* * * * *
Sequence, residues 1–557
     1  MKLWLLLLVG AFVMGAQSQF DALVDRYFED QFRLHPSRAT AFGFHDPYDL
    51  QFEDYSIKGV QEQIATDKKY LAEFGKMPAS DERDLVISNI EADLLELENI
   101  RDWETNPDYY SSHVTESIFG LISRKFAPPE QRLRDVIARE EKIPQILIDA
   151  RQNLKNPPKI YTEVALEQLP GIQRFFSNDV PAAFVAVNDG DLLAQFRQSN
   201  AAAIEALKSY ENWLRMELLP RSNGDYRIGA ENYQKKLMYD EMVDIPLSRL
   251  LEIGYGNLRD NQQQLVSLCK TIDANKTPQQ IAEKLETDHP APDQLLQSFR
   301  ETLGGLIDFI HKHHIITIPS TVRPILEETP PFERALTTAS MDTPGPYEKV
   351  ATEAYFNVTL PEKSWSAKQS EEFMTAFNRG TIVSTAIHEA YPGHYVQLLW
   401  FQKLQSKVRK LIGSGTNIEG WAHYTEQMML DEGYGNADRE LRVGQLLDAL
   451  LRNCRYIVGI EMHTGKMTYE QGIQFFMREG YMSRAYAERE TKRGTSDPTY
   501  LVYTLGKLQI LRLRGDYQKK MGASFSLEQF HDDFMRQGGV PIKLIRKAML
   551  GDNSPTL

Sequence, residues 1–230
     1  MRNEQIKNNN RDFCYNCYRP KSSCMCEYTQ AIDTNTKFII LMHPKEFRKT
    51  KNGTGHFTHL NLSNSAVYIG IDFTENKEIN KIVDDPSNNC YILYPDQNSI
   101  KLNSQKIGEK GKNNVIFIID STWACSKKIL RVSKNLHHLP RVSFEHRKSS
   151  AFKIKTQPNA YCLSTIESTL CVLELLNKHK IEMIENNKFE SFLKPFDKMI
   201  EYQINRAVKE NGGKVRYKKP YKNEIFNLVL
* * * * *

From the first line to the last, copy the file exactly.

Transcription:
Sequence, residues 1–557
     1  MKLWLLLLVG AFVMGAQSQF DALVDRYFED QFRLHPSRAT AFGFHDPYDL
    51  QFEDYSIKGV QEQIATDKKY LAEFGKMPAS DERDLVISNI EADLLELENI
   101  RDWETNPDYY SSHVTESIFG LISRKFAPPE QRLRDVIARE EKIPQILIDA
   151  RQNLKNPPKI YTEVALEQLP GIQRFFSNDV PAAFVAVNDG DLLAQFRQSN
   201  AAAIEALKSY ENWLRMELLP RSNGDYRIGA ENYQKKLMYD EMVDIPLSRL
   251  LEIGYGNLRD NQQQLVSLCK TIDANKTPQQ IAEKLETDHP APDQLLQSFR
   301  ETLGGLIDFI HKHHIITIPS TVRPILEETP PFERALTTAS MDTPGPYEKV
   351  ATEAYFNVTL PEKSWSAKQS EEFMTAFNRG TIVSTAIHEA YPGHYVQLLW
   401  FQKLQSKVRK LIGSGTNIEG WAHYTEQMML DEGYGNADRE LRVGQLLDAL
   451  LRNCRYIVGI EMHTGKMTYE QGIQFFMREG YMSRAYAERE TKRGTSDPTY
   501  LVYTLGKLQI LRLRGDYQKK MGASFSLEQF HDDFMRQGGV PIKLIRKAML
   551  GDNSPTL

Sequence, residues 1–230
     1  MRNEQIKNNN RDFCYNCYRP KSSCMCEYTQ AIDTNTKFII LMHPKEFRKT
    51  KNGTGHFTHL NLSNSAVYIG IDFTENKEIN KIVDDPSNNC YILYPDQNSI
   101  KLNSQKIGEK GKNNVIFIID STWACSKKIL RVSKNLHHLP RVSFEHRKSS
   151  AFKIKTQPNA YCLSTIESTL CVLELLNKHK IEMIENNKFE SFLKPFDKMI
   201  EYQINRAVKE NGGKVRYKKP YKNEIFNLVL